Cathars in Question

Voorkant
Antonio Sennis
Boydell & Brewer, 2016 - 332 pagina's
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Cathars have long been regarded as posing the most organised challenge to orthodox Catholicism in the medieval West, even as a "counter-Church" to orthodoxy in southern France and northern Italy. Their beliefs, understood to be inspired by Balkan dualism, are often seen as the most radical among medieval heresies. However, recent work has fiercely challenged this paradigm, arguing instead that "Catharism" is a construct, mis-named and mis-represented by generations of scholars, and its supposedly radical views were a fantastical projection of the fears of orthodox commentators. This volume brings together a wide range of views from some of the most distinguished international scholars in the field, in order to address the debate directly while also opening up new areas for research. Focussing on dualism and anti-materialist beliefs in southern France, Italy and the Balkans, it considers a number of crucial issues. These include: what constitutes popular belief; how (and to what extent) societies of the past were based on the persecution of dissidents; and whether heresy can be seen as an invention of orthodoxy. At the same time, the essays shed new light on some key aspects of the political, cultural, religious and economic relationships between the Balkans and more western regions of Europe in the Middle Ages. Antonio Sennis is Senior Lecturer in Medieval History at University College London Contributors: John H. Arnold, Peter Biller, Caterina Bruschi, David d'Avray, Jörg Feuchter, Bernard Hamilton, R.I. Moore, Mark Gregory Pegg, Rebecca Rist, Lucy J. Sackville, Antonio Sennis, Claire Taylor, Julien Théry-Astruc, Yuri Stoyanov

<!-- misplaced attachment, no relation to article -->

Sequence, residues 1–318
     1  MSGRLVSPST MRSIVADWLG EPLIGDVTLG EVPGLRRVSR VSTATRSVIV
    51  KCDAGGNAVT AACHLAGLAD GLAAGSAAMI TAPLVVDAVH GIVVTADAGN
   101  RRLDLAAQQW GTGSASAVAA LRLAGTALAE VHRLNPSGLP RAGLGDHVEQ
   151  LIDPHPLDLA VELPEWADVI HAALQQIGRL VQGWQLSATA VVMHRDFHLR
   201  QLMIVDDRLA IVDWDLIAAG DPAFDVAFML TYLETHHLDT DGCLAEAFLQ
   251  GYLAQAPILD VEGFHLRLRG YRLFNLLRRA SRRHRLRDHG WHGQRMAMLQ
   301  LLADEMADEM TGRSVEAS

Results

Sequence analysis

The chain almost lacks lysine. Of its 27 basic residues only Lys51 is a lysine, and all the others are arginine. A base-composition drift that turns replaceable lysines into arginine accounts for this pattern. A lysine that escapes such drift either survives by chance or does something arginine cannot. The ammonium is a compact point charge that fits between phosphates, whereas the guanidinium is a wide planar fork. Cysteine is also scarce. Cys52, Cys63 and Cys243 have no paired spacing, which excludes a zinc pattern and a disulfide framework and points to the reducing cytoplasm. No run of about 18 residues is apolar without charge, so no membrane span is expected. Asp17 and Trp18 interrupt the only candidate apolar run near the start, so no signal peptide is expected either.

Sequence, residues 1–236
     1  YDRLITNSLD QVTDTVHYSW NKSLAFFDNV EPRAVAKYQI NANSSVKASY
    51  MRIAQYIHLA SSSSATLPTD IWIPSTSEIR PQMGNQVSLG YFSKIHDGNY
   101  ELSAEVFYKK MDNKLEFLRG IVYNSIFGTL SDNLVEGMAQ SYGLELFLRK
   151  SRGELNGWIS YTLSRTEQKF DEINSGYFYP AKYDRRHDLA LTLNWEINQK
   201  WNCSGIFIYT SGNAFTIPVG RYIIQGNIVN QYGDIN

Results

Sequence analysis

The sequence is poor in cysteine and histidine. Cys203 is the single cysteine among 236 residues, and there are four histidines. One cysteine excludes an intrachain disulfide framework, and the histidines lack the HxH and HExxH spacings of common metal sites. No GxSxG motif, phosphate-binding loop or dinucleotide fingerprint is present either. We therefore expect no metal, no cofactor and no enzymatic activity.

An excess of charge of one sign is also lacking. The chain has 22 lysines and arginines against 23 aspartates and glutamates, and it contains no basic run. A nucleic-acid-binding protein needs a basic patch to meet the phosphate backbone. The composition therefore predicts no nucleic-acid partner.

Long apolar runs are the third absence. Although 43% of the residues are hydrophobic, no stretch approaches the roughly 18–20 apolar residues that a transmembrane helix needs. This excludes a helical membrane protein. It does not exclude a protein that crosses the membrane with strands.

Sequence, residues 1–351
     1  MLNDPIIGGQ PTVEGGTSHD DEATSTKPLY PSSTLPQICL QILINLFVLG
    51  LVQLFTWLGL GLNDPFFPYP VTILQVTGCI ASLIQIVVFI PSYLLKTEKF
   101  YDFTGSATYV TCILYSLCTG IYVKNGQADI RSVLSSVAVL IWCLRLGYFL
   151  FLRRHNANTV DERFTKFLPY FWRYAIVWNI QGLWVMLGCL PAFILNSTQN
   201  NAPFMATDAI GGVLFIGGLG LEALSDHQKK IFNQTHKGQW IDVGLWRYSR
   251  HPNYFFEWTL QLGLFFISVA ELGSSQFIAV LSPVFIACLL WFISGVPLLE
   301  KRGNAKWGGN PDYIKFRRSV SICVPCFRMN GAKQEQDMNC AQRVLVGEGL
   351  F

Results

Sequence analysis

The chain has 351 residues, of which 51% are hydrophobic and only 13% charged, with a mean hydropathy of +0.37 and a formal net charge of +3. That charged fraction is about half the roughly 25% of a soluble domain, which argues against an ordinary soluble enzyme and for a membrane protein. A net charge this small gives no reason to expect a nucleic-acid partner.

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Inhoudsopgave

1 Questions about the Cathars
1
2 The Paradigm of Catharism or the Historians Illusion
21
3 The Cathar Middle Ages as a Methodological and Historiographical Problem
53
Localism and Resistance to Roman Clericalism
79
Local Holy Men and Women or Organized Religious Group? New Evidence from Inquisitorial Notarial and Historiographical Sources
112
6 Cathar Links with the Balkans and Byzantium
131
7 Pseudepigraphic and Parabiblical Narratives in Medieval Eastern Christian Dualism and their Implications for the Study of Catharism
151
8 The Cathars from NonCatholic Sources
177
Ranier Sacconi Explains Cathars
185
Moneta of Cremonas Cathars
208
Heretics and Heresy in Papal Correspondence
229
An Alternative to Cathars?
242
The Debate of April 2013 in Retrospect
257
14 Goodbye to Catharism?
274
Index
314
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